Font of Knowledge

Is the expression:
Font of all knowledge
or
Fount of all knowledge
13:50 Fri 24th Nov 2006
 
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Strictly speaking, 'fountain of all knowledge' is correct rather than 'fount' or 'font'. All three are used nowadays, but the original �fountain' version was a 17th century quote and the other two are just more modern variants of that original.
The quote is from 'An Essay Concerning Human Understanding' by the philosopher, John Locke, published in 1690. Clearly, in it he was referring to God.
"Reason is natural revelation, whereby the eternal father of light, and fountain of all knowledge, communicates to mankind that portion of truth which he has laid within the reach of their natural facilities."
In a 14th century book, God was referred to as "the fountain of all goodness" and in the 16th century Book of Common Prayer there is a reference to "Almighty God, the fountain of all wisdom".
However, Locke's quote - given above - is the earliest instance of the concept of knowledge having a �fountain' as its source.
Question Author
Wow!! Thanks a lot. That's an answer and a half.
You get nothing less from the Quizmonster!
How kind of you. Thank you for that.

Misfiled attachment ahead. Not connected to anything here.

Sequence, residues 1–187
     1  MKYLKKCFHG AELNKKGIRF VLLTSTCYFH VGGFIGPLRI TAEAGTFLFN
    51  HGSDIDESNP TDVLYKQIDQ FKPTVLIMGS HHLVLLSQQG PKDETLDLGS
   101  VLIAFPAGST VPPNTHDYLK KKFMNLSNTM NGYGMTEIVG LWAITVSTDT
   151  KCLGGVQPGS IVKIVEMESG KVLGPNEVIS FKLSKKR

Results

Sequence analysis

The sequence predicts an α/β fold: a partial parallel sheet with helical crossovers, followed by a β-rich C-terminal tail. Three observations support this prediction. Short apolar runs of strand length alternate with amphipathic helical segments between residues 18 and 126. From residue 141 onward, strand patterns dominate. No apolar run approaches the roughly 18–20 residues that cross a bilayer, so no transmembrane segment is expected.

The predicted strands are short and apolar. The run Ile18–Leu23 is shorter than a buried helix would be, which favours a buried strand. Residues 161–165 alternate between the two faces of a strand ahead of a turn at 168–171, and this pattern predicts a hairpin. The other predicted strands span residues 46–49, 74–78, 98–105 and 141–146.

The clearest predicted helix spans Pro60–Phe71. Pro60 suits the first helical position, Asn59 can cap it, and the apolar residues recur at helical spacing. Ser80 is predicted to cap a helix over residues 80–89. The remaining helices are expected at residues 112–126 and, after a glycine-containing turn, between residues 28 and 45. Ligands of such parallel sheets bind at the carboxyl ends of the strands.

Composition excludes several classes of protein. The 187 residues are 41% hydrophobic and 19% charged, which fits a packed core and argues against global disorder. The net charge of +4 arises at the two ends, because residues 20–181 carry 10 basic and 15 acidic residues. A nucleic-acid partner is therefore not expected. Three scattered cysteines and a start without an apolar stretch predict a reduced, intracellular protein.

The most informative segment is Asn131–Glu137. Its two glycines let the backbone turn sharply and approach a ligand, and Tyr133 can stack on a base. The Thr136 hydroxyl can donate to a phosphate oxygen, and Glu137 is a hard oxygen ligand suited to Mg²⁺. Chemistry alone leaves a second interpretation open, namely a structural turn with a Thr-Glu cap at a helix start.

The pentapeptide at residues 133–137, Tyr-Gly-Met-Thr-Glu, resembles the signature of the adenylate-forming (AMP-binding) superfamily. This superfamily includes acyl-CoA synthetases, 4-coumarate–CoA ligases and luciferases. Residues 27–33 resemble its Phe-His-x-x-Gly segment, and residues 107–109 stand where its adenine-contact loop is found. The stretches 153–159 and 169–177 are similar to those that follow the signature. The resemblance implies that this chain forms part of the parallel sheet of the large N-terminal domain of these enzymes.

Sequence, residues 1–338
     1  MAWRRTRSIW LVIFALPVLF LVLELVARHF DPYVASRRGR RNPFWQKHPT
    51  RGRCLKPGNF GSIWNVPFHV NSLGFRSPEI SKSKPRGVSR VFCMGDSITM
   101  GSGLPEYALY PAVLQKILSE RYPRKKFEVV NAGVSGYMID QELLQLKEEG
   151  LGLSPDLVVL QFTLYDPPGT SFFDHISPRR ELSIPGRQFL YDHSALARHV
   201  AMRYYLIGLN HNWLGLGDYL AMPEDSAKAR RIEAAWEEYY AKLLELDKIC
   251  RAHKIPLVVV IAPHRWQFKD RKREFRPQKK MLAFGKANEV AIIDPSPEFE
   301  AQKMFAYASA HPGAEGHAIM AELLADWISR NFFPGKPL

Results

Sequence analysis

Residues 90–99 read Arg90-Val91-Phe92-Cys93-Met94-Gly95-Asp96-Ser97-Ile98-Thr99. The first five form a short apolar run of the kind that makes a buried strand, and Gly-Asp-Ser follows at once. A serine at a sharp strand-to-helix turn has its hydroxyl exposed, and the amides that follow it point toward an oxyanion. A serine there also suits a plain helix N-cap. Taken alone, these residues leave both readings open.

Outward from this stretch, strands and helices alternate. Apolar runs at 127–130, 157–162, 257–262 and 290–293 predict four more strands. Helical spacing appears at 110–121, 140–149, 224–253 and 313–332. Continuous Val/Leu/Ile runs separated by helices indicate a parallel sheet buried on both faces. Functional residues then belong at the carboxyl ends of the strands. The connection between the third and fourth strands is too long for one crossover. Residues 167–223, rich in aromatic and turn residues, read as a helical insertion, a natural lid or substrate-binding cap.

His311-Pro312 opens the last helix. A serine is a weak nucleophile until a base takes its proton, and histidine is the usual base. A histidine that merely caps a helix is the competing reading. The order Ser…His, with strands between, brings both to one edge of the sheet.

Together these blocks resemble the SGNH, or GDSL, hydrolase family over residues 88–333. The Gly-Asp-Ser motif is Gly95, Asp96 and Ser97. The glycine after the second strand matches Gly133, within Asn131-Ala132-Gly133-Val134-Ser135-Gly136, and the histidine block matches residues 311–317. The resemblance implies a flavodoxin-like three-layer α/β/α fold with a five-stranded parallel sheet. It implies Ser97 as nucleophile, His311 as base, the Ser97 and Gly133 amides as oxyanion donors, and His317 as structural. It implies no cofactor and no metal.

-- answer removed --
Have you considered as a source St. John of Damascus monumental work, "Fount of Knowledge?" It was written circa 746 AD. The translator’s introduction points out that "Fount of Knowledge" is one of the most “important single works produced in the Greek patristic period …offering as it does an extensive and lucid synthesis of the Greek theological science of the whole period. It is the first great Summa of theology to appear in either the East or the West.” Saint John is considered one of the great Fathers of the Church, and his writings hold a place of high honor in the Church. His critique of Islam, or “the heresy of the Ishmaelites,” is especially relevant for our times.
Have you considered Saint John’s monumental work, "Fount of Knowledge?" The translator’s introduction points out that "Fount of Knowledge" is one of the most important single works produced in the Greek patristic period,…offering as it does an extensive and lucid synthesis of the Greek theological science of the whole period. It was written circa 746 AD which was some 900 years before 'An Essay Concerning Human Understanding' by the philosopher, John Locke, published in 1690.

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